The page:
South Korea relies 70% of its GDP to the international trade. To export high-end consumer electronics, the Korean economy needs to import raw materials and machineries. While the depreciation of the Korean won against the US dollar may spell for bonanza for Korean exporters, it does not necessarily bring a good news to the economy in general, since the prices of imports are on the rise and significant reduction of the imports are unlikely. South Korea has become very much dependent on oil and people"s consumption habit is not mindful of energy efficiency. When war threatens the stable supply of oil, the economy would be set to go to the dark tunnel.
All the more, depreciation of the Korean won means that the payment of the foreign debt is getting expensive. Although it may not give rise to something like the second financial crisis, it may take sometime to restore the business confidence. The on-going war in Iraq is making the soft-landing of the South Korean economy more difficult. Prior to the war, the South Korean economy was in the recession. Stock market was sluggish. Consumer confidence was low. So far, the new government of Roh failed to show any grand strategy in dealing with the North Korean nuclear issue. Disillusioned foreign business are either leaving South Korea or putting their investment decision on hold.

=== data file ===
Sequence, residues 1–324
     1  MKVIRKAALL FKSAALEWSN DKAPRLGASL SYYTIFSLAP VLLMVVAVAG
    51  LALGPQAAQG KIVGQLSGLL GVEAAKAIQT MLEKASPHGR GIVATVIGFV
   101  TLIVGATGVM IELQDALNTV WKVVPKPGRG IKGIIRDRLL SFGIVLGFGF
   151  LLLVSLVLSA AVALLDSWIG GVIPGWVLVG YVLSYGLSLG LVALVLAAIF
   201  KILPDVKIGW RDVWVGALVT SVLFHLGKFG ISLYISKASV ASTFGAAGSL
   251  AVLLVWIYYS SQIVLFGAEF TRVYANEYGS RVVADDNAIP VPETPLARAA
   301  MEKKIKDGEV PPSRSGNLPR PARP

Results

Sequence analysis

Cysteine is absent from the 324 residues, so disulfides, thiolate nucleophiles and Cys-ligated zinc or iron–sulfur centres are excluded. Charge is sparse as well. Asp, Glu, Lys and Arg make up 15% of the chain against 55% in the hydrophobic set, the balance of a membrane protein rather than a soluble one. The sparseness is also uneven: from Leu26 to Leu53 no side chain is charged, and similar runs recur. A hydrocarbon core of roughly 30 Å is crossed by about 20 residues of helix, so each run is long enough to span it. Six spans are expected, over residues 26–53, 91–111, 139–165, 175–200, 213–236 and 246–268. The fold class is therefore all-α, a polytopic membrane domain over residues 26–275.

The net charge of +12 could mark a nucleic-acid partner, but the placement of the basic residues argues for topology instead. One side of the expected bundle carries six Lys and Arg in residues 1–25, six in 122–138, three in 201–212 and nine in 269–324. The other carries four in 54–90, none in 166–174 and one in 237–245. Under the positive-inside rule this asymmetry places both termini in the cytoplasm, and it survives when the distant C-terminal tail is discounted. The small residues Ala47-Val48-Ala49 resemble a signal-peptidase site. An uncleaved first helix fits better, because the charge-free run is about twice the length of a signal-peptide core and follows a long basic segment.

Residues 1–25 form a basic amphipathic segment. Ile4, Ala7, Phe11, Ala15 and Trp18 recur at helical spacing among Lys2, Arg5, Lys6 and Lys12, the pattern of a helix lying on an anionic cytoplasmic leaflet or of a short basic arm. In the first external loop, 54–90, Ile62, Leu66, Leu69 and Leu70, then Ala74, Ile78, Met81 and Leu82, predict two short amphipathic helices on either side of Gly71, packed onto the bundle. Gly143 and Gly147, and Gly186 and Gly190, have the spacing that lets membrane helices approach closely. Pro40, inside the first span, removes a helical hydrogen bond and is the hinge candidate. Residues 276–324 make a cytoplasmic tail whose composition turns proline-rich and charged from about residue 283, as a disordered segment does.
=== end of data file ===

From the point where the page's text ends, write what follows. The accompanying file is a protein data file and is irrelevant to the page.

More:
Then, what should be done for South Korea in the midst of the war? Isolation like North Korea or Cuba is not alternative. Less integration like imposing trade and investment barriers may be tempting to some politicians whose ears are taken by activists. Unfortunately to them, international trade and investment is a two-way street. We cannot keep selling our products to the foreign markets, without allowing them to sell their products in our market.
South Korea"s ties to the outside world are hard to disconnect. Denying such an interconnection is counterfactual. Foreign investment in the Korean stock market is quite substantial. Some major insolvent Korean companies look to the foreign ownership and control as a viable option. Emotional denouncing of foreigners may earn a few political coverage, but suffer economic consequences.
The case of Argentina would be illuminating for those self-proclaimed reformers. A century ago, Argentina was at the doorstep of the affluent society. The country had a plenty of resources. Its economy was booming. The advent of new maritime transportation technology ensured them vast opportunity for profit. Now, a century later, the country discovered itself not at the rank of the advanced countries, but further backward than a century ago: average living standard suffered a significant setback. Populism and anti-capitalistic leftist policy under the name of reform filled the Argentina politics.
While most of the Korean economy is exposed to the market forces and to the gravity of competition, a few sector refuse to change: Korean politicians, and public sector and the Korean labor unions. As long as they play the rhetoric of anti-globalization and anti-war, on the grounds of the anti-US, the Korean economy is taking a step close to the repetition of Argentina.
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